Insiders Guide: Green Reiner show preparation

“If you fail to plan, you are planning to fail.”
I think everyone has heard this quote from Benjamin Franklin, and it is so true – especially when it comes to the green reiner!
Imagine this. You’re about to enter the show pen and you look around at your fellow competitors and wonder “Am I good enough?” Then self doubt creeps in and you start to second guess EVERYTHING. By the time your draw is called into the pen, you are a bundle of nerves; doubting everything that you have worked so hard on. You’re hoping you will at least remember the pattern and you just want to get though this.
It does not have to be this way, when you have a plan!

It does not have to be this way, when you have a plan!

Having a coach guiding you through a show is beneficial to all level of rider, even the professionals.

If though you are doing this on your own, here are some pointers that will help set you up for a successful ride in the show pen.

Getting ready

  • Give yourself time to get you & your horse ready – rushing does not create calmness. 
  • I usually suggest to my clients to prepare for their class 10 horse draws before they go in. (About 45 minutes.)
  • Now is not the time to change your routine; if you want to use polo wraps instead of boots – practice at home first!

Warm Up

  • Warm your horse up with jogging, flexing, and you have touched on all your manoeuvres: spins, lead changes, stops, check your horse is guiding well in the circles. 
  • You know your horse – how long it takes to warm the horse up will vary. Some horses might get to a show and be less focused so taking your time to get them focused is key. 
  • Don’t overwork those manoeuvres! You want your horse to be focussed not exhausted when you go and show
  • Don’t watch what other competitors are doing warming up. Stick with what you know, as the show is not the place to change your training. 
  • Know your pattern. If you are really new to reining I would even suggest drawing it out on a piece of paper or walking it on foot. Visualizing the pattern is a great tool in helping you remember. 
  • Know where your markers are in the pen to familiarize yourself with your surroundings. For example, where will you do your large and small circles? your approach to the lead change? where you are going to stop?
  • Don’t compare yourself to anyone. Compare yourself to your last ride, always trying to better YOU!
  • Lastly, wish your fellow competitors “Good luck!” it’s good sportsmanship.  Walk into that pen with a smile and go have some fun!

In the Pen

  • First off breathe. I’ve seen many riders going around the pen with a brilliant red face! They forgot to breathe! Oxygen helps you think straight and will relax you.
  • Break down your ride in sections, focus on each maneuver as the pattern dictates. For example, if the pattern starts with spins, focus on those first. This way it doesn’t seem so overwhelming.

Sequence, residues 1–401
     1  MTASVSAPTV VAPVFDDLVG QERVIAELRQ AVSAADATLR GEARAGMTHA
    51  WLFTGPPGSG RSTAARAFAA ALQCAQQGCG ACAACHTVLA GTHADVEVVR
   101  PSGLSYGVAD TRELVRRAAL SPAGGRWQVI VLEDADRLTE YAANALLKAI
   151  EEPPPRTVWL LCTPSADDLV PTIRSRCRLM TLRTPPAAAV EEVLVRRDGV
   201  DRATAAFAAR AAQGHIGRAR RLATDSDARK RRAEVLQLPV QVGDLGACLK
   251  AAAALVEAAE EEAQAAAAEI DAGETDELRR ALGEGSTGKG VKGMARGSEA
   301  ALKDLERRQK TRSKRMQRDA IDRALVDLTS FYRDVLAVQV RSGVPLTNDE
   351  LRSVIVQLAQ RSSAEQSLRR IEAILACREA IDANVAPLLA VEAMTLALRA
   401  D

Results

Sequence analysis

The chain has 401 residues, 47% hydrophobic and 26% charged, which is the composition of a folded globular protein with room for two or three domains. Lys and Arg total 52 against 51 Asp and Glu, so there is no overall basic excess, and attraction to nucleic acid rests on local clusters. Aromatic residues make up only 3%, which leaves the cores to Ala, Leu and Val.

• If by chance something goes wrong in one of your manoeuvres (for example, you stop short in one of your spins,) forget about it and concentrate on your next manoeuvre. Just keep riding through -nothing can change that mistake but don’t dwell on it!
  • Judges like a precisely laid out pattern – this should be one of your main goals in the pen.
  • Look up when you are riding! Chances are, if you are looking in the direction you are going; your horse will follow. It is such a simple thing, yet it’s truly powerful. It also makes you look more professional!
  • Lastly, enjoy your ride! Don’t rush through it to “get it over with”. You have paid your entry fee and the judges fee so use your time in the pen to show you and your horse to the best of both of your abilities.

After Your Run

  • To understand your score, review your score sheet from the judge and copy it down so you can build a story for improvement This is where a coach can really help. They can go over each manoeuvre with you and dissect your run so you can better understand why you received the score you did.  
  • Most people will have someone video their run for them so they can view it later. This is great yet most times this video is taken from a spectator’s view. I really like viewing a video from the judge’s point of view. At the ORHA we have Sports Rush Media video all the runs, you can come and view your run (from the judge’s angle) for free at the show. A coach can help you here because you can both watch the run together, with the score sheet and discuss what points in the run were good and what needs to be worked on for future runs.
  • You can also purchase the video, and if you do this is a great learning tool to have. You can look back on it to see your good points, what needs to be worked on and as time goes by it is fun to look back just to see how much you have improved.
  • Lastly, remember that reining is possibly one of the most demanding disciplines so the best advice I could give to you is to be patient and kind to you and your horse. You will have good runs and you will have bad runs so learn to accept that and if you are consistent, work hard and have an open mind to learning – you will better yourself as a reiner.

Start putting your plan together and we look forward to cheering you on at the ORHA shows! 

About Jen

Jen is horsewoman with a life-long passion for developing both horse and rider. Jen is a successful competitor in the ORHA & NRHA with Rookie Pro, Limited Open and Novice Horse Level 1 titles as well as 3 Top Ten World titles to date.

Her Students have also received numerous year end titles in ORHA & NRHA.